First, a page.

WALL-E sacrifices kiddie wonder for mundane action. 

Pixar goes futuristic in WALL-E, an animated story about a lonely robot that looks something like a mechanical E.T. or a mini-me of the 'bot from Short Circuit. In this dystopian vision, humans have abandoned an Earth made toxic by garbage and now live in a gigantic floating space ship while sending robots back to clean up the planet.

The film is set in a further future in which even this attempt has been abandoned and the protagonist is, apparently, the last functioning worker-bee robot on Earth. WALL-E stands for Waste Allocation Load Lifter — Earth Class, and, as the film opens, there's only one functioning WALL-E left on the deserted planet, diligently performing his programmed duties by converting human refuse into neat, stackable bricks. But WALL-E has a personality too, setting aside interesting remnants of human civilization — a Rubik's Cube, a Twinkie, and a VHS of a film musical — to take back to his metallic shelter.

One day WALL-E is visited by a more advanced 'bot, Eve, sent back to Earth on a reconnaissance mission. Eve looks something like a cylindrical iBook, and she and WALL-E are well-conceived and animated creations, with distinct, relatable personalities discernable despite minimal dialogue. (There's a passing nod to silent cinema here with the relationship a kinda, sorta reworking of Charlie Chaplin's City Lights.)

This vision of a future in which cities are submerged by skyscrapers made of trash and humans have been reduced to lazy, passive, sub-verbal consumption machines is essentially Idiocracy for kids, except the evil-corporation subplot — starring Fred Willard, in the flesh — is clearly aimed at parents in the audience, and that hints at the problem.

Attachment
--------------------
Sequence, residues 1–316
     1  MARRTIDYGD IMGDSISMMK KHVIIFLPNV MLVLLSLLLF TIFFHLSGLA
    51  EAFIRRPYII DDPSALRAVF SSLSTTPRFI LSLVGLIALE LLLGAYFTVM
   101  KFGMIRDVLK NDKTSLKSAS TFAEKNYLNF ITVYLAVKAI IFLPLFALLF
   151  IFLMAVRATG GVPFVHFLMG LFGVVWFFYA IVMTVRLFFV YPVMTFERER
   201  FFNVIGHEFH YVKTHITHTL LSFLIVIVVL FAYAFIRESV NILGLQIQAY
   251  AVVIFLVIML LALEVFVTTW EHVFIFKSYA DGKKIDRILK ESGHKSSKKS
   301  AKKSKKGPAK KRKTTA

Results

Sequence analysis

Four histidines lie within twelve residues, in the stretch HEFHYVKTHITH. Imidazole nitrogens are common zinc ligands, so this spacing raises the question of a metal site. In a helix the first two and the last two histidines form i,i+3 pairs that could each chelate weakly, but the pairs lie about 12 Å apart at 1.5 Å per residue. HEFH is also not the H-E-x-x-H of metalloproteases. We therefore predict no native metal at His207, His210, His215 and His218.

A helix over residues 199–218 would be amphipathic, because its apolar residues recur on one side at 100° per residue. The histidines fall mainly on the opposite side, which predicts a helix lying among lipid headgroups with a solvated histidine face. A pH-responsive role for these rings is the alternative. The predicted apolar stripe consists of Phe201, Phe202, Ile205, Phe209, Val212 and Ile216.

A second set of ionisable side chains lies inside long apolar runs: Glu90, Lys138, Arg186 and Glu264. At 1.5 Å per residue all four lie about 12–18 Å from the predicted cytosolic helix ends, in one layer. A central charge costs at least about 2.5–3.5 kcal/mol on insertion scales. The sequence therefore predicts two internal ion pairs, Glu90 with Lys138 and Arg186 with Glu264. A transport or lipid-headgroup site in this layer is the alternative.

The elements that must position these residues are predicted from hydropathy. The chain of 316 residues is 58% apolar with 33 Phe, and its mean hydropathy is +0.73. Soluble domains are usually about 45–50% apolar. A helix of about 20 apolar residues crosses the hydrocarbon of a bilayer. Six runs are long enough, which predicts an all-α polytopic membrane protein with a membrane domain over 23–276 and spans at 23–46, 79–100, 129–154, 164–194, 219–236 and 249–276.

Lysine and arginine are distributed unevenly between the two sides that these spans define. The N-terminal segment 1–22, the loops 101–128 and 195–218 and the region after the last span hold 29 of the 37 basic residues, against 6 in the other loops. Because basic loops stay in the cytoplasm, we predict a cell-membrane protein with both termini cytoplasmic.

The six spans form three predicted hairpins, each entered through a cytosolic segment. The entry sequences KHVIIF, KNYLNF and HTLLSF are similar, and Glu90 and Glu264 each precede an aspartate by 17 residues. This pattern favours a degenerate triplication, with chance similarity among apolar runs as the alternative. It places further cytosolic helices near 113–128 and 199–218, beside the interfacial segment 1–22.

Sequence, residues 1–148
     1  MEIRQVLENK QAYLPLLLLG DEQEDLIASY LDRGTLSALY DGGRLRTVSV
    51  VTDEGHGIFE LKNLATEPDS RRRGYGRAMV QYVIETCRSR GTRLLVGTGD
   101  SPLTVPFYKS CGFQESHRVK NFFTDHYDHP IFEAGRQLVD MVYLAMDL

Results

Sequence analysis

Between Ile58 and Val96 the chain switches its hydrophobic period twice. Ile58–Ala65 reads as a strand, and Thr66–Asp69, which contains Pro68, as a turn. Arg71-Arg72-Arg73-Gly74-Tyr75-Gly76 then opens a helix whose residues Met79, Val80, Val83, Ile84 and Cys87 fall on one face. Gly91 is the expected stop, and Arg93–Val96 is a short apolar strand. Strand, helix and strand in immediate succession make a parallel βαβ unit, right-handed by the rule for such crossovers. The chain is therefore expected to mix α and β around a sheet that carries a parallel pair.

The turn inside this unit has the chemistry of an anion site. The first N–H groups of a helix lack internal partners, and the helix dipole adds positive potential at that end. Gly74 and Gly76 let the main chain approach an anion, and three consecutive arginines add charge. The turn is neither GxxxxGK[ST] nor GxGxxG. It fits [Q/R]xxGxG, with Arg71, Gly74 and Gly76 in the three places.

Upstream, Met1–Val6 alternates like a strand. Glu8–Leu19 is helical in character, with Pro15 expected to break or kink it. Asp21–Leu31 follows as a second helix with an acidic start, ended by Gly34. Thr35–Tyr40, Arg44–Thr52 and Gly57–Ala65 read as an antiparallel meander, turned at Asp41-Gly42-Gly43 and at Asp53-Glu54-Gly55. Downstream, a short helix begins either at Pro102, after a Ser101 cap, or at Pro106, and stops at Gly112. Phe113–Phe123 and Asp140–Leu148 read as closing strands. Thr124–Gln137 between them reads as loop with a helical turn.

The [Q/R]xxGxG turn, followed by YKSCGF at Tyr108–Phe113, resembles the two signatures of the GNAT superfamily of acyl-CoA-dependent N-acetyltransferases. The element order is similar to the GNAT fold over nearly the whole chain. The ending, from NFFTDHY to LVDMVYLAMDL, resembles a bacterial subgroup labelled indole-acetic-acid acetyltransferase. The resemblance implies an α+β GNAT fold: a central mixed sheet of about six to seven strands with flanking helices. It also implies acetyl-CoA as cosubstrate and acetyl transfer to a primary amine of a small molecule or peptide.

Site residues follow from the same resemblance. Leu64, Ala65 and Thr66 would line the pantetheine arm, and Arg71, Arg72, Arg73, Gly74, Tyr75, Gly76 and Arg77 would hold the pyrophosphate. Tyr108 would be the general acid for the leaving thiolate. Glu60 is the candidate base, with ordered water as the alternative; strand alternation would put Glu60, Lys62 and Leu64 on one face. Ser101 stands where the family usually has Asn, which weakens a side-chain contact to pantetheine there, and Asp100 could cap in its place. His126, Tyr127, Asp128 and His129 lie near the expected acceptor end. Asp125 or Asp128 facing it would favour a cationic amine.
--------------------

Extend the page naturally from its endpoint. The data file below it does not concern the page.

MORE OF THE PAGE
Instead of merely following its premise into what should have been a Pixarized version of the Spielbergian wonder of movies like E.T. and A.I., WALL-E lapses into noisy, semiviolent confrontations that mimic run-of-the-mill sci-fi and action flicks for teenagers and adults. It might be a little too scary and violent for younger children, but, really, kids of all ages deserve better.

A better model for a good kids' film comes from one of the year's other animated hits, Horton Hears a Who! (or, to cite an earlier Pixar triumph, Finding Nemo, which was the directing debut of WALL-E's Andrew Stanton) — a film not saddled, Shrek-like, with would-be-clever pop-culture references or content clearly aimed over the heads of the kids who make up its alleged audience. As such, Horton won over this adult viewer in ways that WALL-E — which panders to me, though not as baldly as Shrek — couldn't and also won over my 3-year-old, who sat rapt for Horton but bailed after 10 minutes of WALL-E.

WALL-E

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